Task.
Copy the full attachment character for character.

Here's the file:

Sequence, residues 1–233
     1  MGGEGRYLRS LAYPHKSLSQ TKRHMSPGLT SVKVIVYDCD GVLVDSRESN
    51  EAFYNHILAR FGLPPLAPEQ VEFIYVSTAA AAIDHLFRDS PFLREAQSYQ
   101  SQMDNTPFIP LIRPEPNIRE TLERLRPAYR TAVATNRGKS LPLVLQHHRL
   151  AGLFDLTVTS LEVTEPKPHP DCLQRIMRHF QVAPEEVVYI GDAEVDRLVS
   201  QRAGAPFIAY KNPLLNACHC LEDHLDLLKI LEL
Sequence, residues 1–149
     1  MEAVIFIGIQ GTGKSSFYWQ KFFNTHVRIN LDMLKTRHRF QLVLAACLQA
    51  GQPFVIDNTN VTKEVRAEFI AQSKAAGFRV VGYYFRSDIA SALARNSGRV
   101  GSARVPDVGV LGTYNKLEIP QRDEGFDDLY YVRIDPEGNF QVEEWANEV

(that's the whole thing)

Sequence, residues 1–233
     1  MGGEGRYLRS LAYPHKSLSQ TKRHMSPGLT SVKVIVYDCD GVLVDSRESN
    51  EAFYNHILAR FGLPPLAPEQ VEFIYVSTAA AAIDHLFRDS PFLREAQSYQ
   101  SQMDNTPFIP LIRPEPNIRE TLERLRPAYR TAVATNRGKS LPLVLQHHRL
   151  AGLFDLTVTS LEVTEPKPHP DCLQRIMRHF QVAPEEVVYI GDAEVDRLVS
   201  QRAGAPFIAY KNPLLNACHC LEDHLDLLKI LEL
Sequence, residues 1–149
     1  MEAVIFIGIQ GTGKSSFYWQ KFFNTHVRIN LDMLKTRHRF QLVLAACLQA
    51  GQPFVIDNTN VTKEVRAEFI AQSKAAGFRV VGYYFRSDIA SALARNSGRV
   101  GSARVPDVGV LGTYNKLEIP QRDEGFDDLY YVRIDPEGNF QVEEWANEV